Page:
Engaging local communities in neighbourhood regeneration in England: an evaluation of aims, objectives and outcomes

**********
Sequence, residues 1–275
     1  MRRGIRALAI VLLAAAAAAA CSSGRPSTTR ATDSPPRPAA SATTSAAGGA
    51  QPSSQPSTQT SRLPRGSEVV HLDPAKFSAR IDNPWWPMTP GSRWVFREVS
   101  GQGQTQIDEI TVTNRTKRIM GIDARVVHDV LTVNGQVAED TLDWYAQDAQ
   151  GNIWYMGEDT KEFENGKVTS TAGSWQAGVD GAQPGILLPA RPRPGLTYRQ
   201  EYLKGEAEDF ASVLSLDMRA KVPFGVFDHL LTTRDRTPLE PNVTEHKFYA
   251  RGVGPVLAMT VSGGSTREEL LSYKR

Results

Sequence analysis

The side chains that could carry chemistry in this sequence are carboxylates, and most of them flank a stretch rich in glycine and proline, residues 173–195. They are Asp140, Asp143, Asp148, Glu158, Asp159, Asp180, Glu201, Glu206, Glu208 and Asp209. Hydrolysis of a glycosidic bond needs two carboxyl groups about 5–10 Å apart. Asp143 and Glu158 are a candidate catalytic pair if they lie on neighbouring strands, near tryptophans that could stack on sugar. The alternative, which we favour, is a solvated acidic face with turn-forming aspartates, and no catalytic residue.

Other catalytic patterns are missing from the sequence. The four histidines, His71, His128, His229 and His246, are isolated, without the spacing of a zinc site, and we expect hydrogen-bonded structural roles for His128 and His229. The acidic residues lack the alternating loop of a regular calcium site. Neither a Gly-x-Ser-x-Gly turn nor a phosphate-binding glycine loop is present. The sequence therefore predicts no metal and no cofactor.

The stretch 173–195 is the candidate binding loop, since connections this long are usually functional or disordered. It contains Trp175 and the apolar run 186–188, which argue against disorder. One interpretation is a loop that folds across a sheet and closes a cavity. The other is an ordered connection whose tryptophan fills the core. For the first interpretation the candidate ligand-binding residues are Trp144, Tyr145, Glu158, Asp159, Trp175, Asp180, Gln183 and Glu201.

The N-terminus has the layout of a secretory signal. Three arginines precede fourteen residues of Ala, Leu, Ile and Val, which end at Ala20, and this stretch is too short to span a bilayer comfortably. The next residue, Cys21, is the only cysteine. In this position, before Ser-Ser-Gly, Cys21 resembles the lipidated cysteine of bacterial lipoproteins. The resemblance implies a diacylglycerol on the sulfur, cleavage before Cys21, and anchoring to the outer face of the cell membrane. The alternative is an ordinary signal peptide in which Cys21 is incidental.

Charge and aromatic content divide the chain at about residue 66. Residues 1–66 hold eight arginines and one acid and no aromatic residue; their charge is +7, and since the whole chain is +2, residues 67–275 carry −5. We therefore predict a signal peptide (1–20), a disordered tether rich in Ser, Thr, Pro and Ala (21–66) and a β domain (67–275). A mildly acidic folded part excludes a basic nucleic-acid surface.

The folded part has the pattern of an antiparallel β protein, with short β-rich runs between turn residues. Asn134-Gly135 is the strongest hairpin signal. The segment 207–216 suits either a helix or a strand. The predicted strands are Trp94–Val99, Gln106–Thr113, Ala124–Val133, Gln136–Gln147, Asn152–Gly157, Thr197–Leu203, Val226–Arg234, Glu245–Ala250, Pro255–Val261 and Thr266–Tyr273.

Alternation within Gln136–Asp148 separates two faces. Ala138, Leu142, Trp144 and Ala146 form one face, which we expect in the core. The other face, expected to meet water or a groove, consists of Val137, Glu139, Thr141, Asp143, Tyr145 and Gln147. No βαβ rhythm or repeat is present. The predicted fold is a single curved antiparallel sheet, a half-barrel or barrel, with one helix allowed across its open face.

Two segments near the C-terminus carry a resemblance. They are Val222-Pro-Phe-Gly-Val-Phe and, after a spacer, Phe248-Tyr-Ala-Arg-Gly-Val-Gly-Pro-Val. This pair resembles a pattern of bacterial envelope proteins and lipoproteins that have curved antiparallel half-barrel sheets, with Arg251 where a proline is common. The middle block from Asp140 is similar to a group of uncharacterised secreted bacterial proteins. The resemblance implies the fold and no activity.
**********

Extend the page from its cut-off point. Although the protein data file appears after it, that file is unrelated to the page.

An integral component of urban regeneration policy in the UK and many countries of the Global North has been a commitment to encourage greater community engagement in the planning and delivery of area-based strategies. Over the past two decades England has experienced a series of policy initiatives designed to target areas of deprivation as well as to involve, engage and empower residents and their organizations through multiple and often overlapping strategies. The most recent piece of legislation, the Localism Act 2011, is creating new opportunities for community engagement in England. National evaluations of two previous regeneration programmes and related research in England consistently advocate caution in overstating impact and claiming permanent and sustainable outcomes. The theoretical underpinning has relied on the concepts of community, social capital and innovative forms of local governance but these terms often lack precision and are difficult to measure. Limitations occur partly because of a lack of resources and over-ambitious expectations but also because of too frequent policy changes. In practice, exhortations to engage communities have been largely rhetorical with few governance arrangements implemented that can realistically transfer power downwards on a permanent basis. However, new organizational forms are emerging under the heading of ‘localism’ that more directly engage citizens in sustainable strategies to improve their localities.